How to Heal Sore Lips

Two Parts:Healing Your LipsProtecting Your Lips from Damage

Sore lips are often a by-product of dryness and chapping, though they may also be an allergic reaction or a symptom of an underlying medical condition. By treating your lips with healing balms and avoiding behaviors that damage your lips, you should be able to eliminate lip soreness easily without medical attention. Once you've addressed the soreness successfully, make sure to take care of your lips and prevent soreness and damage in the future.

Part 1
Healing Your Lips

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    Look for lip products with petroleum. The most popular name-brand petrolatum product is Vaseline, though off-brand products are often just as effective. Though there were concerns about the safety of some petrolatum products on the European market, those issues have been resolved, and petrolatum products score well in safety ratings.[1] Petrolatum creates a protective seal over the skin that locks in moisture to prevent lips from drying out, reducing soreness.[2]
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    Use dimethicone products on your lips. Dimethicone is a moisturizing agent that can treat peeling and irritation in dehydrated skin, and heal the issues that result in soreness.[3] Be careful when using dimethicone products on your lips, though, as swallowing too much of it can be dangerous. Though it’s highly unlikely that would happen, frequent lip-lickers should take note.
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    Avoid products with harmful ingredients. It may feel good to apply lip balms that feel cool to the touch, but these products often contribute to dryness and leave your lips even more sore. If a product lists eucalyptus, menthol, or camphor in its ingredients list, look for an alternative.[4]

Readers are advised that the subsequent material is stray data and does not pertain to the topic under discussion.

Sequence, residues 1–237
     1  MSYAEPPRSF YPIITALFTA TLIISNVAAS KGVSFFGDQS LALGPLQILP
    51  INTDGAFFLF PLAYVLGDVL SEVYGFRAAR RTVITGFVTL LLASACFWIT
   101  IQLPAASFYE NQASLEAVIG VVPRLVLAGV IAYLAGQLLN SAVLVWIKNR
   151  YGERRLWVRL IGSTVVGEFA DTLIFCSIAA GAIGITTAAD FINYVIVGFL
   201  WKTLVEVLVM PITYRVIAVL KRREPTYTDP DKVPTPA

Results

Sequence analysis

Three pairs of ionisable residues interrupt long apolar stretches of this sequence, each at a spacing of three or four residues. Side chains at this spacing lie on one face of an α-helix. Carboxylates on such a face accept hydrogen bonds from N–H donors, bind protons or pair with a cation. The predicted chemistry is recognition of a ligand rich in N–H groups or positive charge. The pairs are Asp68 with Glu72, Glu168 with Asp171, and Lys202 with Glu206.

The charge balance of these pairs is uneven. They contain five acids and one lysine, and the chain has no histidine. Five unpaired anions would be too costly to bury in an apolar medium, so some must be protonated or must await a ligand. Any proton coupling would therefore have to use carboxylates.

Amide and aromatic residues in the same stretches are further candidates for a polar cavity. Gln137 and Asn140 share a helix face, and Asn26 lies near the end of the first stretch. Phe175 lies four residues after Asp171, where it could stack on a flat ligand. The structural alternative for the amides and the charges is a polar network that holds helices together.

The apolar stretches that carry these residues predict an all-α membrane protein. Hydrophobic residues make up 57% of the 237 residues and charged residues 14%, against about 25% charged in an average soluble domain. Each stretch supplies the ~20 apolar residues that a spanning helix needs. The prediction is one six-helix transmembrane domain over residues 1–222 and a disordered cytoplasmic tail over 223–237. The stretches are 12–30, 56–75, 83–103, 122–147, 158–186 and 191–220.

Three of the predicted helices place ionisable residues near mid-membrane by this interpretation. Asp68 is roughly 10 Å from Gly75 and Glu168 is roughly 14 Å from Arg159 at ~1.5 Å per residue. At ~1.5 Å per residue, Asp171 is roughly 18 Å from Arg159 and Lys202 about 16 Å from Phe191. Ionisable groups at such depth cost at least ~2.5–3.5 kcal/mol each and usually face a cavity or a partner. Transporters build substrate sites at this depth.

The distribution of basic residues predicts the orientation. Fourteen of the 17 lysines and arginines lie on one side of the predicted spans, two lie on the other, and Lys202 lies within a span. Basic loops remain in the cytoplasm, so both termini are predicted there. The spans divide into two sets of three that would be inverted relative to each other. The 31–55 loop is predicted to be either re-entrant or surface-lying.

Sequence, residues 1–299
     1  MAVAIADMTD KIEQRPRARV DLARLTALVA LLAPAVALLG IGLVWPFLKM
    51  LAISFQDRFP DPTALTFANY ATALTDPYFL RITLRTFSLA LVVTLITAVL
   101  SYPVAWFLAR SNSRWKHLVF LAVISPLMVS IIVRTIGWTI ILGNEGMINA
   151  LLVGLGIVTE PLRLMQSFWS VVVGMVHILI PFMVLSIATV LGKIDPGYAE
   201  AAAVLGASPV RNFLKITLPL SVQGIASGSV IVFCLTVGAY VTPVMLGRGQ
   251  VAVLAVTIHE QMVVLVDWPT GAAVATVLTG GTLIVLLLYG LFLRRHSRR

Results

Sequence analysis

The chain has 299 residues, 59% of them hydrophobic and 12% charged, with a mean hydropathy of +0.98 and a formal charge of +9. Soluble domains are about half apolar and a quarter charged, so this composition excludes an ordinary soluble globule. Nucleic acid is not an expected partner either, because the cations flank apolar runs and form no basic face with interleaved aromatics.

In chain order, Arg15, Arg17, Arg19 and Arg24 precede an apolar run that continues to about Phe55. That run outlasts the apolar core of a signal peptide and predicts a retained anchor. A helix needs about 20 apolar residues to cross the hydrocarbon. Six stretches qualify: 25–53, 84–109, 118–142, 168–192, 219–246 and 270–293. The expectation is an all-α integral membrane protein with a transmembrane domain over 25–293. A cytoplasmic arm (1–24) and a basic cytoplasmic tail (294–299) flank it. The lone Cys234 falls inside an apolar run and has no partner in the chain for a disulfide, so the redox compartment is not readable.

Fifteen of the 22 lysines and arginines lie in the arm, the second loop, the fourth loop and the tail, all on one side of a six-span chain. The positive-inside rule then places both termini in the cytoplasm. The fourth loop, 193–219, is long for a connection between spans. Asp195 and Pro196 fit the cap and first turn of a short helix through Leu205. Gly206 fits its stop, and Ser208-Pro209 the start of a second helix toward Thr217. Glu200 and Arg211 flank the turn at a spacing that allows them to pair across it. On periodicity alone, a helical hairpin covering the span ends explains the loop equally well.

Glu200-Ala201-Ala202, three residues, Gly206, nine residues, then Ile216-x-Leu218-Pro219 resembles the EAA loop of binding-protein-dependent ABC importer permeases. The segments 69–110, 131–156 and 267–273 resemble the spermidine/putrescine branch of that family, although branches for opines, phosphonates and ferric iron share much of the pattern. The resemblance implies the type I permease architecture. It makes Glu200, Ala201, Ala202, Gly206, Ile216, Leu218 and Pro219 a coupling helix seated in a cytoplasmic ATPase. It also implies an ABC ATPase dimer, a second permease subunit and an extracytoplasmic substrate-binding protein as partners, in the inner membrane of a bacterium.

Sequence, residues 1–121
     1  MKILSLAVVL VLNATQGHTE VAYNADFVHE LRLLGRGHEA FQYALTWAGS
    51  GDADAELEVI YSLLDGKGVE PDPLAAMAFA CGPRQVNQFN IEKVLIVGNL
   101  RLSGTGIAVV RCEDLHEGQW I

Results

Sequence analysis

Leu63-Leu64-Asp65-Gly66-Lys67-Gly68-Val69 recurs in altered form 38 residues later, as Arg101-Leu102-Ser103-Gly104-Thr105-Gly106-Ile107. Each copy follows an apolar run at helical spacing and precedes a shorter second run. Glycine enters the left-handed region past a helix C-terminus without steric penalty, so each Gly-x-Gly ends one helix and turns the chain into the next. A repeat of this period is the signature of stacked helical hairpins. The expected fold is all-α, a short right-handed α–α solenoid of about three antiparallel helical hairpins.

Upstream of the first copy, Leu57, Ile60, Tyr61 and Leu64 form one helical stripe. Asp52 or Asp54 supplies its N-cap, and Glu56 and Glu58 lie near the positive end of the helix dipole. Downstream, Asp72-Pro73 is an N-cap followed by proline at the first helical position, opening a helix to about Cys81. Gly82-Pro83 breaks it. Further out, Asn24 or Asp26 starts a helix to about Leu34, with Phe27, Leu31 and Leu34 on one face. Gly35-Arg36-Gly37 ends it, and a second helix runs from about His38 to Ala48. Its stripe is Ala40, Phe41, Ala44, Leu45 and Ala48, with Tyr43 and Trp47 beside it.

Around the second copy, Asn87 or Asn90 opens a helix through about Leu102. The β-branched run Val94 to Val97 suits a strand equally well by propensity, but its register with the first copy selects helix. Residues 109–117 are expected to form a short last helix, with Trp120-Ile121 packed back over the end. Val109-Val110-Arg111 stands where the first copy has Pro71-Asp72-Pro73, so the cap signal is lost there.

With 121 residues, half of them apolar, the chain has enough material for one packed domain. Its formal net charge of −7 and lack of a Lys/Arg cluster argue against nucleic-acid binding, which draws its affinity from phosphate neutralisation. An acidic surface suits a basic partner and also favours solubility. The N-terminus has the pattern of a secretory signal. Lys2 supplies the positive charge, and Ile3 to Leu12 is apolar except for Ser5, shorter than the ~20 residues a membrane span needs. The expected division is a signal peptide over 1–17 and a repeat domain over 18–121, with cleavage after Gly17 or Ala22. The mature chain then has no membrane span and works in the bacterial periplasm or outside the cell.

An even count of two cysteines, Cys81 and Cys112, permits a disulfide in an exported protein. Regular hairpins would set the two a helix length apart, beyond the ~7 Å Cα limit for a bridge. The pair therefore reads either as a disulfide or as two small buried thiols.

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    Apply lip balm before bed. This will allow the balm to moisturize your lips overnight and you will wake up with softer and less chapped lips. This is especially effective for frequent lipstick wearers, as the appearance of cracks and peeling skin through your lipstick will be less visible when you apply your lipstick in the morning.
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    Consider whether your lips are coming into contact with allergens. If your lips are sore on a regular basis despite regular use of lip balms, you may actually be suffering from an allergic reaction.[5] It may be something you’re eating, like peanuts, or it may be a product you’re putting on your lips. Common allergens in lip products include beeswax, shea butter, castor oil, and soybean oil.[6] If this is the case, switch from these plant-based moisturizers to a petroleum-based product.
    • You may need treatment with corticosteroid cream which can be applied with the fingers to the lips to relieve irritant or allergic contact dermatitis of the lips known as cheilitis.
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    Drink enough water. Keeping your body hydrated helps in virtually all of its functions and improves overall health. If your body is dehydrated, then its largest organ — the skin — will also be dry, and this can lead to lip soreness.[7] The Institute of Medicine recommends that adult women drink at least nine cups of liquid per day, and that adult men drink at least 13 cups per day.[8] This includes all liquids, including coffee, juices, and so on, and even includes the fluids contained in food.
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    Avoid activities that would further damage your lips. Taking steps to heal and hydrate your sore lips isn’t enough. You also have to make sure you’re avoiding behaviors that will prevent your lips from healing quickly. Common behaviors that contribute to lip soreness include peeling or biting on flaky skin and trying to exfoliate your lips while they’re sore.[9]